The moment of ecstasy that would flush Andy Carroll's seasons woes down the drain, and perhaps being the moment that would justify Liverpool's sub-par season fizzled as quick as it came. Running away from the Chelsea goal in celebration after having thought he scored the tying goal in the FA Cup Final, a goal that would surely send it to extra time, was disallowed by the officials. It typified Liverpool's season in one second. A team that have hit the post more times than any other, once again suffered from the curse of the wood work. This kept the game 2-1 in Chelsea's favor, after second half substitute Andy Carroll scored for the Reds, shifting momentum, and showing the watching world the potential he bares. He thought he did it again, a goal that would equalize the game, but a smart save from Petr Cech slapped Carroll's header off the bar and out. A huge cry from the Liverpool players, fans and Manager Kenny Dalglish pleading that the ball went over the line cascaded around Wembley, but this was waved away by the officials. I still believe the angles leave some ambiguity in it, but by the letter of the law, the whole ball must go over the line, and according to the cameras set up at Wembley, it didn't.
On the whole the match was well fought by the Liverpool squad, looking for their domestic cup double, having knocked Chelsea out of the Carling Cup earlier this season on their way to winning silverware. It was a Dr. Jekyll, Mr. Hyde performance from the Reds, as they started the game as I suspected, not as I hoped, with Suarez the loan striker, Gerrard, Henderson and Spearing behind him. Downing and Bellamy operating on the wings, with Carroll on the bench. Liverpool were slow out the gates, allowing Chelsea to press upon them, as they sat deep and seemed to lack options when trying to break upfield. Downing and Jose Enrique on the right side both started off bag's of nerves, sloppy in passing and disconnected in their thinking. Their tempo was slow, much like Chelsea under Andre Villa Boas, with unnecessary passing in their own half, that ultimately lead to nothing. I didn't take long for the sloppy play to cost them as Ramieres capitalized on Enrique defending to tight, making it easy for the Brazilian to tun him, skin him for pace and crack a rocket shot off Pepe Reina and into his near post. Clever keeping by Reina backfired, as the Spaniard showed Ramieres his far post, only to have his momentum take him away from the shot at the near. It pains me to say that I was glad Liverpool conceded, but I knew now that they would have to open up and stick the game to the Blues. This is exactly what they did.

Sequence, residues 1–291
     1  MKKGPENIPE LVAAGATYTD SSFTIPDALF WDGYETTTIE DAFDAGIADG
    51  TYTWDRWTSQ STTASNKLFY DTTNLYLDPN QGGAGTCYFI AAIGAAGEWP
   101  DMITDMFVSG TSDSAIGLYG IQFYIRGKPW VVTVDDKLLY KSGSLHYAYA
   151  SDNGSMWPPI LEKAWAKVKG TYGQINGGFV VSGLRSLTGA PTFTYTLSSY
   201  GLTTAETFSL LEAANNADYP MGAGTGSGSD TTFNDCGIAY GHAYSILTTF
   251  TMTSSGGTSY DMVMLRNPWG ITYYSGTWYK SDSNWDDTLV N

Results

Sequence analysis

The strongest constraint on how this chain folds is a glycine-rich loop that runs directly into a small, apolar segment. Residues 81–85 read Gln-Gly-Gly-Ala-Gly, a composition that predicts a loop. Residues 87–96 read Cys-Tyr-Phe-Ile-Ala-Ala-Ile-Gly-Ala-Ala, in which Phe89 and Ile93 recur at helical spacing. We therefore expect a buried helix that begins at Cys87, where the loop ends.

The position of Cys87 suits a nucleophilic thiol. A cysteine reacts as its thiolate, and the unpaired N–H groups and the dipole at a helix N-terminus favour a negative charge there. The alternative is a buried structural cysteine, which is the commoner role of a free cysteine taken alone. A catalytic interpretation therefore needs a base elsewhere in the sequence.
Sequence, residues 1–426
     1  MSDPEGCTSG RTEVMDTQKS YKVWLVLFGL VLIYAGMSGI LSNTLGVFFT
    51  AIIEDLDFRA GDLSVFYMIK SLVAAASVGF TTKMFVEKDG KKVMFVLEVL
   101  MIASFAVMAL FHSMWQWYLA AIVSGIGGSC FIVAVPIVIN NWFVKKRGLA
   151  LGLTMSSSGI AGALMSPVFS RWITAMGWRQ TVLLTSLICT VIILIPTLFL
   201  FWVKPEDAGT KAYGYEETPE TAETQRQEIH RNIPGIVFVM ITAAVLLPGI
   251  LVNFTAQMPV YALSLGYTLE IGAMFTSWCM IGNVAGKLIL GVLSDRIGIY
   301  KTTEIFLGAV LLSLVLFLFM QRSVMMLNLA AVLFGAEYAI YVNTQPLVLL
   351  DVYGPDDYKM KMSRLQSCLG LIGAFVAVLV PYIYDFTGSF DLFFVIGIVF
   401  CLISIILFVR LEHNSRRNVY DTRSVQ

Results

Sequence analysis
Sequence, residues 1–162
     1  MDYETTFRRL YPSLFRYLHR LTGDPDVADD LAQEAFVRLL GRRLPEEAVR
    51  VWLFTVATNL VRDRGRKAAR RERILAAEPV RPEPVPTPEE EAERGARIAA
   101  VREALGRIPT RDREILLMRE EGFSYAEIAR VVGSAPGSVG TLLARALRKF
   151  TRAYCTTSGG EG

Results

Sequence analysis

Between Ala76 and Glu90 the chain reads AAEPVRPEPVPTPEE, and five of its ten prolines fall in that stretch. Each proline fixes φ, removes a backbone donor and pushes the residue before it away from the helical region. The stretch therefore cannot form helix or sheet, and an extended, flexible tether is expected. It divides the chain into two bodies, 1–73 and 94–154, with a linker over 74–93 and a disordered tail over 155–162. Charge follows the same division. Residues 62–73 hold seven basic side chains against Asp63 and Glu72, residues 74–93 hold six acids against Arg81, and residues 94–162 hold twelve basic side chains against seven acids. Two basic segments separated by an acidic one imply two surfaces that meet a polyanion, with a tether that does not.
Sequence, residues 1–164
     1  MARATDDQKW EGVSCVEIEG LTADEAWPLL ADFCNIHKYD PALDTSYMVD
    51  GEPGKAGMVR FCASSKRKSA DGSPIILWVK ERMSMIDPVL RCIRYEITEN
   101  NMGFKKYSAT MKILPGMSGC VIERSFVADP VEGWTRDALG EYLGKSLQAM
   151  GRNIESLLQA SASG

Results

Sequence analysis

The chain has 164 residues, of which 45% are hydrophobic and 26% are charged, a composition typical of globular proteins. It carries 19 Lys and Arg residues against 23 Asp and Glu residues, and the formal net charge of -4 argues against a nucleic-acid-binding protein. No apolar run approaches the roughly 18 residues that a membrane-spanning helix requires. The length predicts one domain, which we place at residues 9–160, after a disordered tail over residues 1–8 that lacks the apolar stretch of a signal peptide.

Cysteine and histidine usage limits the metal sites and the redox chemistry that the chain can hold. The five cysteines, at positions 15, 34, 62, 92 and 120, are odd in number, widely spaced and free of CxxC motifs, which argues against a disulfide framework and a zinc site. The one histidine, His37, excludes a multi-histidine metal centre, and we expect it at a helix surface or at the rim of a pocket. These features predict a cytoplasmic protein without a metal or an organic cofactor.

Towards the end of the half Liverpool enjoyed some promising forays forward, yet their talisman Luis Suarez remained anonymous. Coming out after the half the excitement and tension of Wembley harnessed itself in my back, and I wondered what changes in mentality and tactics Dalglish instilled at half time. Right from the off I knew more expansive football would be in the offing as a long searching ball was hit by Midfield maestro Gerrard, something non-existent in the first half.